Pumpernickel Sourdough Bread

Pumpernickel bread is made with whole grain rye flour or the whole rye berry. Other rye breads are made with white rye flour ground from the center endosperm of the rye berry. I use a combination of rye and wheat flour to make a lighter, higher rising bread. I love making breads with ancient grains such as einkorn, rye, and spelt flours. They have a lot of health benefits and the more I consume them, the more I feel those benefits in my body.
Servings: 1 loaf


  • 50 grams Bubbly Sourdough Starter(¼ cup. See step 1 of instructions)
  • 365 grams Warm Water (80 degrees F)(1½ cups plus 1 teaspoon)
  • 60 grams Black Strap Molasses2¾ tablespoons
  • 380 grams Bread Flour3¼ cups
  • 120 grams Whole Grain Rye Flour (Pumpernickel Flour)1 cup
  • 9 grams Celtic Sea Salt (finely ground)(1½ teaspoons) or Himalayan salt
  • 30 grams Olive Oil2 tablespoons

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  • You need to make sure your sourdough starter is bubbly and ready to go. If it has not been fed recently, take a few spoonfuls of sourdough starter from your fridge and give it that much flour and water and let it ferment for 6 – 8 hours. Here is more help for a bubbly sourdough starter. How to care for your sourdough starter

Making the dough

  • Gather ingredients and materials.
  • Add the bubbly sourdough starter, molasses, and warm water to a ceramic bowl. Mix them together with a whisk or a fork until well combined.
  • Then add the flour and salt. Combine together until all ingredients are well combined and you have a thick dough. Next add the oil, kneading until well incorporated.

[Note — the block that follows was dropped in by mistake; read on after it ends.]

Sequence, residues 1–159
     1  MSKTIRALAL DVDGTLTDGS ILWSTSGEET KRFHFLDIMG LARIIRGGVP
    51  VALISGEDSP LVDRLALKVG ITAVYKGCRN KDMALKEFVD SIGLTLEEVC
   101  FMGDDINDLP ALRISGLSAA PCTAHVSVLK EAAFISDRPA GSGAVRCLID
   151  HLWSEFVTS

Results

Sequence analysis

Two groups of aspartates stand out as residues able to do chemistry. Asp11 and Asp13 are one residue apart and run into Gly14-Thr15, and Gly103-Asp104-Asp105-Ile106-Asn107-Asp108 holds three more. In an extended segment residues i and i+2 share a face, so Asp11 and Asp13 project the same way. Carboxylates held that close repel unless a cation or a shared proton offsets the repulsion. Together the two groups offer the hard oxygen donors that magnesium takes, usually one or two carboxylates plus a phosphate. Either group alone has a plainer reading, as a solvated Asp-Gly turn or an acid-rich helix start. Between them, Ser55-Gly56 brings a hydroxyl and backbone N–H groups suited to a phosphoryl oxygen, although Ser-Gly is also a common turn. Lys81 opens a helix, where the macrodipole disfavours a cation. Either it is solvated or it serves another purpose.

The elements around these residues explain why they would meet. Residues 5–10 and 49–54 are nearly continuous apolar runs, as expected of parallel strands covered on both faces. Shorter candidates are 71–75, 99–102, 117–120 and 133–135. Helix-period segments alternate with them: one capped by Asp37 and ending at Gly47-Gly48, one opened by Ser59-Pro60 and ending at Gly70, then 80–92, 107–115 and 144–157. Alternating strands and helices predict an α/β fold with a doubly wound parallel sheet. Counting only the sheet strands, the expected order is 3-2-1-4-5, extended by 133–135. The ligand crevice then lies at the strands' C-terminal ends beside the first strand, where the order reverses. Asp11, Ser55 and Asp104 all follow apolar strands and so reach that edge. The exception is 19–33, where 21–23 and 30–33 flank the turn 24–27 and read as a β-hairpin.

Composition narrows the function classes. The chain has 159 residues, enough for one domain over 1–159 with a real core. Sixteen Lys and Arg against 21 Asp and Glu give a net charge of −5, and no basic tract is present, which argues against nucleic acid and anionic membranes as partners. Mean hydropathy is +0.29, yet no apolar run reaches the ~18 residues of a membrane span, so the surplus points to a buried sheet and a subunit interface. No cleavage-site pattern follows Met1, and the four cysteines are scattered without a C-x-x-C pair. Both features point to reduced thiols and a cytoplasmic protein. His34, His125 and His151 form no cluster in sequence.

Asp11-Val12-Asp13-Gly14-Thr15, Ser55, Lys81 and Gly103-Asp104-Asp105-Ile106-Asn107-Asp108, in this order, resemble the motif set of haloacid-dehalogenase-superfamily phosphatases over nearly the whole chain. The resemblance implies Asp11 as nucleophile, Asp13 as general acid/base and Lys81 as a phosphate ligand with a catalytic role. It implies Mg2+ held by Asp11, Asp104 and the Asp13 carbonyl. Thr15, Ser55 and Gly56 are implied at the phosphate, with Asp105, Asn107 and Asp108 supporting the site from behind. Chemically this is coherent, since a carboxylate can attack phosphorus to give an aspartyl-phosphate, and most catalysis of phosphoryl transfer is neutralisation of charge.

• Cover with plastic wrap or a damp towel. Let it rise at room temperature overnight (around 70°F) for 8 – 10 hours until double in size.

Making and Baking the Bread

  • Use your spatula and gently pull the dough from the bowl onto a lightly floured work surface. Dust your hands with flour and start at the top and fold the dough over to the center, repeating on all sides (add more flour if needed).
  • Line an 8-inch bowl with a towel and dust generously with flour. Make sure your hands are still floured and pick up the dough and place it in the bowl with seam side up. Cover the bowl and let it rest for 1½ to 2 hours but not double in size.
  • Preheat your oven to 450°F. Cut a piece of parchment paper to fit your pot, leaving excess so you can grab the bread and take it out of the pot. Place your parchment paper over the bowl and invert the bowl to allow the bread to release onto the paper.
  • With a small razor blade or serrated knife, score the bread with four slashes.
  • Pick up the parchment and carefully place your bread in the pot.
  • Place the lid on the pot and place in the oven for 20 minutes. Then remove the lid and continue baking for 40 more minutes. If the bread starts to get too dark due to the sugars in the molasses, loosely place a piece of foil in a tent formation on top of the pot.
  • When bread is done, take bread out of pot and place on a wire rack to cool for about 20 minutes to an hour. Store loaf in a bag on the counter, or this bread freezes beautifully.